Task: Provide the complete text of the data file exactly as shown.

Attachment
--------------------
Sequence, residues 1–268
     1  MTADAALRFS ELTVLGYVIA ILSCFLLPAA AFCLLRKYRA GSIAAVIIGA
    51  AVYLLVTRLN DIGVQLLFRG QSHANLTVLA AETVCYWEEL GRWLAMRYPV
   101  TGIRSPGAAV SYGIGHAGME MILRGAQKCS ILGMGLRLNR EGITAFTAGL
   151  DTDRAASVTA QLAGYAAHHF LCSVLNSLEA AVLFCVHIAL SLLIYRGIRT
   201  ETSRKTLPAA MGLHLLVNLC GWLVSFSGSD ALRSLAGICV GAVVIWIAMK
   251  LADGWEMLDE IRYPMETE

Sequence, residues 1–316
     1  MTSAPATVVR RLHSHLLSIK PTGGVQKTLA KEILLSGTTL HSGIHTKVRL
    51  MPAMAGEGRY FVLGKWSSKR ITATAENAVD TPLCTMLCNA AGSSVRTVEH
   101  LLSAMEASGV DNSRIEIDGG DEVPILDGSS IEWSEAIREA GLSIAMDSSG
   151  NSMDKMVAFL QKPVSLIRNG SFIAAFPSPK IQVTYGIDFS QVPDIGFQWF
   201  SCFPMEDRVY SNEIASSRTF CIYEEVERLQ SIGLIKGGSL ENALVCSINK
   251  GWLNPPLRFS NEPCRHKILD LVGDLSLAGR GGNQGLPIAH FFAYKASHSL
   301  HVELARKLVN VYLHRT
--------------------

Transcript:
Sequence, residues 1–268
     1  MTADAALRFS ELTVLGYVIA ILSCFLLPAA AFCLLRKYRA GSIAAVIIGA
    51  AVYLLVTRLN DIGVQLLFRG QSHANLTVLA AETVCYWEEL GRWLAMRYPV
   101  TGIRSPGAAV SYGIGHAGME MILRGAQKCS ILGMGLRLNR EGITAFTAGL
   151  DTDRAASVTA QLAGYAAHHF LCSVLNSLEA AVLFCVHIAL SLLIYRGIRT
   201  ETSRKTLPAA MGLHLLVNLC GWLVSFSGSD ALRSLAGICV GAVVIWIAMK
   251  LADGWEMLDE IRYPMETE

Sequence, residues 1–316
     1  MTSAPATVVR RLHSHLLSIK PTGGVQKTLA KEILLSGTTL HSGIHTKVRL
    51  MPAMAGEGRY FVLGKWSSKR ITATAENAVD TPLCTMLCNA AGSSVRTVEH
   101  LLSAMEASGV DNSRIEIDGG DEVPILDGSS IEWSEAIREA GLSIAMDSSG
   151  NSMDKMVAFL QKPVSLIRNG SFIAAFPSPK IQVTYGIDFS QVPDIGFQWF
   201  SCFPMEDRVY SNEIASSRTF CIYEEVERLQ SIGLIKGGSL ENALVCSINK
   251  GWLNPPLRFS NEPCRHKILD LVGDLSLAGR GGNQGLPIAH FFAYKASHSL
   301  HVELARKLVN VYLHRT